Disability Pride Month
Published 11:55 am Tuesday, July 19, 2022
Disability Pride Month is celebrated in July to commemorate the passing of the landmark Americans with Disabilities Act (ADA) in July 1990. In response to discrimination and negative views on disability, Disability Pride is a movement that seeks to celebrate people with disabilities for who they are, as they are. Celebrate and elevate people with disabilities through reading!
Bodies Are Cool by Tyler Feder
This picture book is a pure celebration of all the different human bodies that exist in the world. Highlighting the various skin tones, body shapes, and hair types is just the beginning in this truly inclusive book. With its joyful illustrations and encouraging refrain, it will instill body acceptance and confidence in the youngest of readers.
Just Ask! by Sonia Sotomayor
In this creative non-fiction story, Sonia and her friends plant a garden, and each one contributes in his or her own special way, in a book that celebrates the many differences among humans. This warm and inclusive story by the U.S. Supreme Court Justice was inspired by her own childhood diagnosis of diabetes.
Disability Visibility: Adapted for Young Adults edited by Alice Wong
The 17 eye-opening essays, all written by disabled people, offer keen insight into the complex and rich disability experience, examining life’s ableism and inequality, its challenges and losses, and celebrating its wisdom, passion, and joy. The accounts in this collection ask readers to think about disabled people not as individuals who need to be “fixed,” but as members of a community with its own history, culture, and movements.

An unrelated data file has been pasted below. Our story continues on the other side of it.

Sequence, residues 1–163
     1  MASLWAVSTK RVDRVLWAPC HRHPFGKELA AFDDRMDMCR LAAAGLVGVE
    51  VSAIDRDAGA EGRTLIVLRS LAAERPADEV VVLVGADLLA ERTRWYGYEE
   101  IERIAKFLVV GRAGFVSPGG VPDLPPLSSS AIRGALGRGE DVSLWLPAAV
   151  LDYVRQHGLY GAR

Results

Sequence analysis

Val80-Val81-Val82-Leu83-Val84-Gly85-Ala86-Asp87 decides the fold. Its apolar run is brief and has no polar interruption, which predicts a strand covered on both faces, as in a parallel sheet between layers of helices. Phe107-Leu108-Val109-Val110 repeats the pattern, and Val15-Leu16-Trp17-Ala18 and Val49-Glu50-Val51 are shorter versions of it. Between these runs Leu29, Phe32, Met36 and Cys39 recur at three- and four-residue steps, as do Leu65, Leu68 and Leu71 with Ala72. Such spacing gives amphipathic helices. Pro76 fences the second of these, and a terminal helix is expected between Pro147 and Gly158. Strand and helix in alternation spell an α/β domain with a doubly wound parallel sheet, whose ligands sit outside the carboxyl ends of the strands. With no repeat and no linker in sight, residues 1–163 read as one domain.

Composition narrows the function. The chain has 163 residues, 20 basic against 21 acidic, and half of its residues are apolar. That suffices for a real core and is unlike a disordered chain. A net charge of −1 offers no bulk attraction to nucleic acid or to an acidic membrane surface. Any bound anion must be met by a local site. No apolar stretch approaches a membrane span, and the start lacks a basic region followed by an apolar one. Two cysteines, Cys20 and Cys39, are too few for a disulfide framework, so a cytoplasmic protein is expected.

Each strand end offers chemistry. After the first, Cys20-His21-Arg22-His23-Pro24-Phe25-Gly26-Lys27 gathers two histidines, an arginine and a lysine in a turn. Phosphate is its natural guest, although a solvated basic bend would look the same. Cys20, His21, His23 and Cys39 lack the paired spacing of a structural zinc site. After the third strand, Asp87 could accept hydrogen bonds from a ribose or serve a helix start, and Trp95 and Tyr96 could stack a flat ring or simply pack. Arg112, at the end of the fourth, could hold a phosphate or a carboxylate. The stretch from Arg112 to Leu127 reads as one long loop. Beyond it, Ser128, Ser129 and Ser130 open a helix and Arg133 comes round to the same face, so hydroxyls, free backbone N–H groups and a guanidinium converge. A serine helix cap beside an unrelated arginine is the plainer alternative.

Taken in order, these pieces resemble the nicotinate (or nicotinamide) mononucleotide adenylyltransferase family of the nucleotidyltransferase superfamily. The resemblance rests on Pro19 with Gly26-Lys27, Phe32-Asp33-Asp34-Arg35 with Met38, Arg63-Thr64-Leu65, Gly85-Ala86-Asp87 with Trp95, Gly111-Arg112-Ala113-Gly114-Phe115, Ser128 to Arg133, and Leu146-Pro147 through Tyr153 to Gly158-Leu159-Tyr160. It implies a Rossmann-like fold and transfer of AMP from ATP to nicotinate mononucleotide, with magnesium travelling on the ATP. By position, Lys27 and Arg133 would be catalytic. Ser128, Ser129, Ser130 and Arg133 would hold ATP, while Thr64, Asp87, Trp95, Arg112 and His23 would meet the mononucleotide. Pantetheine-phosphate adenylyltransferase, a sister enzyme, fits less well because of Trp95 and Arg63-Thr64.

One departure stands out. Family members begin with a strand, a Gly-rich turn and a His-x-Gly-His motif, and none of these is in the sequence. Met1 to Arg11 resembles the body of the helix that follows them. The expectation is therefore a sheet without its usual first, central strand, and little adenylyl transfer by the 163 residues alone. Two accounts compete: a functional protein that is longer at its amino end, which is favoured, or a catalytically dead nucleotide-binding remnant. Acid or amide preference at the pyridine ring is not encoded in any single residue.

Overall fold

Unbroken: 13 Stories Starring Disabled Teens edited by Marieke Nijkamp
This anthology explores disability in fictional tales told from the viewpoint of disabled characters, written by disabled creators. With stories in various genres about first loves, friendship, war, travel, and more, Unbroken offers today’s teen readers a glimpse into the lives of disabled people in the past, present, and future.
Haben: The Deafblind Woman Who Conquered Harvard Law by Haben Girma
This is the incredible life story of Haben Girma, the first deafblind graduate of Harvard Law School, and her amazing journey from isolation to the world stage. Haben defines disability as an opportunity for innovation. She learned nonvisual techniques for everything from dancing salsa to handling an electric saw. She developed a text-to-braille communication system that created an exciting new way to connect with people. Haben pioneered her way through obstacles, graduated from Harvard Law School, and now uses her talents to advocate for people with disabilities.
A Woman of No Importance by Sonia Purnell
In 1942, the Gestapo sent out an urgent transmission: “She is the most dangerous of all Allied spies. We must find and destroy her.” The target in their sights was Virginia Hall, a Baltimore socialite who talked her way into Special Operations Executive, the spy organization dubbed Winston Churchill’s “Ministry of Ungentlemanly Warfare.” She became the first Allied woman deployed behind enemy lines and–despite her prosthetic leg–helped to light the flame of the French Resistance, revolutionizing secret warfare as we know it.
Jen Pace Dickenson is the Youth Services Librarian for Polk County Public Libraries. For information about the library’s resources, programs, and other services, visit polklibrary.org or call (828) 894-8721.